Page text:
A Short History Of Women In Black

"Women in Black" was inspired by earlier movements of women who demonstrated on the streets, making a public space for women to be heard - particularly Black Sash, in South Africa, and the Madres de la Plaza de Mayo, seeking the "disappeared" in the political repression in Argentina. But WIB also shares a genealogy with groups of women explicitly refusing violence, militarism and war, such as the Women's International League for Peace and Freedom formed in 1918, and the Greenham Common Women's Peace Camp in the UK and related groups around the world opposing the deployment of US missiles in the eighties.

Beginnings in Israel
Women in Black as we know it today began in 1988 in Israel. In 1987, 20 years after Israel occupied the West Bank and Gaza, the Palestinian intifada began. In response Israeli Jewish women began to stand in weekly vigils in public places, usually at busy road junctions. Starting in Jerusalem, the number of vigils in Israel eventually grew to almost forty. In the north of Israel, where the concentration of Arab communities is greatest, Palestinian women who are Israeli citizens were also active in Women in Black groups. Many local WIB groups made contact with women across the Green Line engaged in support work, e.g. visiting Palestinians in Israeli prisons.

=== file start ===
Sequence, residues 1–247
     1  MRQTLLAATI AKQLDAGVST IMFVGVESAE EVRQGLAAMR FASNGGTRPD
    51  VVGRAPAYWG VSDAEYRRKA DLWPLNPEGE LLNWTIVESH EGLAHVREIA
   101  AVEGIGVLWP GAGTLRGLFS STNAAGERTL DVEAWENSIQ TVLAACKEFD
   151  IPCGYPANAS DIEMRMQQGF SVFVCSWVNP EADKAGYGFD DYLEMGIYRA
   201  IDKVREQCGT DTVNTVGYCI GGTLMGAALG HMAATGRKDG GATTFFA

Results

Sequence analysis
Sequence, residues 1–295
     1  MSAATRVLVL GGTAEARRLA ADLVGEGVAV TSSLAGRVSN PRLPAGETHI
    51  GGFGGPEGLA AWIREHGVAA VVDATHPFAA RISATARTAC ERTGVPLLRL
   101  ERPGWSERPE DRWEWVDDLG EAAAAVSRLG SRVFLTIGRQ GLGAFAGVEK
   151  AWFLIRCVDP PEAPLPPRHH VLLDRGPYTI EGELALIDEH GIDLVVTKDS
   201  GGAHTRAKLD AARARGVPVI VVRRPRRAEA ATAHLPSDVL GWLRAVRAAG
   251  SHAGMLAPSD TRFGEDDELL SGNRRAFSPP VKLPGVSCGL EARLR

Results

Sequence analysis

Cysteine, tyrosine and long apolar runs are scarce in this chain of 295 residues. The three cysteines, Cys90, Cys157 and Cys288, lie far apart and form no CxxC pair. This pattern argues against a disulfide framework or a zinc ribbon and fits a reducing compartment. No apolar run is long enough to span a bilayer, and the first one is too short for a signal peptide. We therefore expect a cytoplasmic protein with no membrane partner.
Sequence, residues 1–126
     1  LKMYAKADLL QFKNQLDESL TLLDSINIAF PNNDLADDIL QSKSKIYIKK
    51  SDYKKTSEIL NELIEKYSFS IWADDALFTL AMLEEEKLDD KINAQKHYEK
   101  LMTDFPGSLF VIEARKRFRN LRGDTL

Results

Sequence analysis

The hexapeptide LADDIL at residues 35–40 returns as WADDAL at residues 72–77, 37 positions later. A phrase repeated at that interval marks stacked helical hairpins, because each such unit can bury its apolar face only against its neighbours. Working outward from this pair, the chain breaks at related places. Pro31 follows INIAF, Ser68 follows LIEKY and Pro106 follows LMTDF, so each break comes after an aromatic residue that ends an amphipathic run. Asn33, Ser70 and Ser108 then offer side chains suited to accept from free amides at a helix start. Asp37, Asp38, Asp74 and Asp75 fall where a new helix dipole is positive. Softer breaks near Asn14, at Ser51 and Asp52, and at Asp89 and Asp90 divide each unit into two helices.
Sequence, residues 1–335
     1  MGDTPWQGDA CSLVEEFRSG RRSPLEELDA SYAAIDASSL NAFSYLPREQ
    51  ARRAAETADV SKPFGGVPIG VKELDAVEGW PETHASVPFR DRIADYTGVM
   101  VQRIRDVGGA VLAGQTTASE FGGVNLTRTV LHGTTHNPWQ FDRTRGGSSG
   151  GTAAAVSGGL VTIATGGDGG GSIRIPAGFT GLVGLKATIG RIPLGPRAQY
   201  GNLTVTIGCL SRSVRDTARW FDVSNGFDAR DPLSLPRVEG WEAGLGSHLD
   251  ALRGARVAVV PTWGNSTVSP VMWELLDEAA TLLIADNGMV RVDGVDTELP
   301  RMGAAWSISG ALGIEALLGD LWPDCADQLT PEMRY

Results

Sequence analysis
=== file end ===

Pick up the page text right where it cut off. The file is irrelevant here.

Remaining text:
Establishing a formula for action
At WIB vigils, women carried placards saying "End the Occupation" and closely related messages. The focus was quite precise, in order to be able to draw in a wide group of women. The vigils were predictable: same site, regular intervals. The women wore black. Although they were not particularly silent in most Israeli locations, as they have become in some countries since, there was no chanting. They were seen by, and provoked reactions from, many passers-by on foot and in vehicles, some of whom heckled and abused them, both in sexualized terms ("whores") and for their politics ("traitors"). Their policy was not to shout back but to maintain silence and dignity.

In other countries, including Canada, the USA, Australia, and many European countries, Women in Black vigils soon began to be organized in support of those in Israel. In Berkeley, California, for example, Women in Black has been standing weekly since 1988. In the UK at this time, women (mainly Jewish, with Palestinians and others) picketed the offices of the Israeli state airline, El Al.